One specific Scandinavian staple can be found just about two miles southwest of the Norsk Hostfest.
The Stave Church sits atop a hill in the middle of Minot and it’s pretty hard to miss, but what it represents is a huge part of Norwegian history and culture.

So how did it get to the Magic City?
A Minot doctor once saw the construction of a Stave Church at Epcot in Disney World.

He decided he wanted something similar, so he rallied people to back it, builders, architects, everyone he needed, and they all set off to Norway to study Stave churches.
They came home with the blueprints and are responsible for a big piece of Norwegian history in the heart of Minot.

“This is an exact replica of Gol Stave Church, which is now in Olso Norway,” Scandinavian Heritage Park volunteer, Sandra Starr, explained.

It’s exact in just about every way. The architecture from the outside in, including the intricate wood carving.

The carving includes both Pagan and Christian symbols, like Pagan dragons and creatures to protect the structure, crosses for Christianity, and 12 faces inside the church to represent Jesus’ 12 disciples.

It’s the fine details in things like the carvings and architecture that make the Stave Church, well, a Stave Church.

The word ‘stave’ means ‘a vertical wooden post or plank in a building’ – and staves are what support the structure.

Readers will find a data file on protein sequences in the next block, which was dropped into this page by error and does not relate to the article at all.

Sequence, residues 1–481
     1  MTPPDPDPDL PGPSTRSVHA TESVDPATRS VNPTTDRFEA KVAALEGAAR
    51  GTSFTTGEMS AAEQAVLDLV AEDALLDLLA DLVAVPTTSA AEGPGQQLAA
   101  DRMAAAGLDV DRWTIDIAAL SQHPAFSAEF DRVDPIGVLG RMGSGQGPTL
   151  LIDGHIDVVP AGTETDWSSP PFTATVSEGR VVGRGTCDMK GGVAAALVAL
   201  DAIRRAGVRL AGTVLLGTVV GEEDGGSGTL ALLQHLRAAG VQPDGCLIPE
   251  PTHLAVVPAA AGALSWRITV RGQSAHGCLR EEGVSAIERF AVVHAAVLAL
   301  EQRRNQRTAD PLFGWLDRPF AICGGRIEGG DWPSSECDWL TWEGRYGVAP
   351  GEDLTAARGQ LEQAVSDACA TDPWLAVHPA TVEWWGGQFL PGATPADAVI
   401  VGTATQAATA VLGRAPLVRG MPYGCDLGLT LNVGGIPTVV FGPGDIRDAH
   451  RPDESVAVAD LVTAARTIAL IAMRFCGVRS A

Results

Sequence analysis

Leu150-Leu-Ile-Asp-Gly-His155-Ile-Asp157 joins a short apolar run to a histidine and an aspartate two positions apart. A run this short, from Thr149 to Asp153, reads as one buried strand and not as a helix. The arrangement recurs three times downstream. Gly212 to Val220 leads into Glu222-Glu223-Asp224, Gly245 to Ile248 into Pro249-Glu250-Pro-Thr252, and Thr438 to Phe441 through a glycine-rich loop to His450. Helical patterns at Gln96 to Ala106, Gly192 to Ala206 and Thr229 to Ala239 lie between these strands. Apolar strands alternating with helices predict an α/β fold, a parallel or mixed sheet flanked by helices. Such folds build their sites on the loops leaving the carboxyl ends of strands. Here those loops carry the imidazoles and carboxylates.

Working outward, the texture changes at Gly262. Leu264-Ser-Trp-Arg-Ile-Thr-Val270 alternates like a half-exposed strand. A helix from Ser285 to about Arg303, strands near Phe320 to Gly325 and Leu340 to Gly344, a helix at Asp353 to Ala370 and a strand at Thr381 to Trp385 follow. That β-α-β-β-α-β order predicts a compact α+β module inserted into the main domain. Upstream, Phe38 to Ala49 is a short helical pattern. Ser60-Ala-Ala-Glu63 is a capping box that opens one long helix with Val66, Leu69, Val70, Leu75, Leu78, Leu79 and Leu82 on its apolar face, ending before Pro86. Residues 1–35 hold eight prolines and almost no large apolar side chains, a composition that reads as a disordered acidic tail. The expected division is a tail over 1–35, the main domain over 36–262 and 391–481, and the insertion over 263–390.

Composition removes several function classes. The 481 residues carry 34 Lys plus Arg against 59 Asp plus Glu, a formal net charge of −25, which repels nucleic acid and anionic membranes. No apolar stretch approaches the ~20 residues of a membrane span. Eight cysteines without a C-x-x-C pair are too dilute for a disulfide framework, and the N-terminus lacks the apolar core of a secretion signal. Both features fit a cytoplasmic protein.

Another unique aspect of the building – there are no nails and no glue – nothing but raw materials.
“The construction is all-natural products,” said Starr. “A thousand years ago, they would not have had nails, they had pegs. So the construction is tongue and groove siding, forced into place shingles, pegs, and dowels up there. At the top above the door frames, you can see them holding each beam into place.”

Although you may not notice each and every detail at first or even second glance, it’s more than just aesthetic, there are many historic traits that date back a thousand years ago.

“If you were sick, if you had germs, you could not come in,” explained Starr. “So eventually there was a leprosy outbreak and so lepers were told that they could not come in.

“Here is one of our hidden treasures,” she added, “it’s a door that nobody notices until they look carefully. This is called a lepers door. If you were sick, you came to get communion out there, you were never refused.”

Starr tells the Stave Church story every Tuesday when she volunteers at the Scandinavian Heritage Park.

She sees about 50 people on an average day. Some are locals, some come from all over the country, and some, fittingly, have come from Norway.

Speaking of people from all over the place, be sure to look for the Wells Faro Mystery Viking here at the Norsk Hostfest this week! Just ask people, ‘hi where are you from?’ and if you ask the Mystery Viking, then you win a hundred dollars!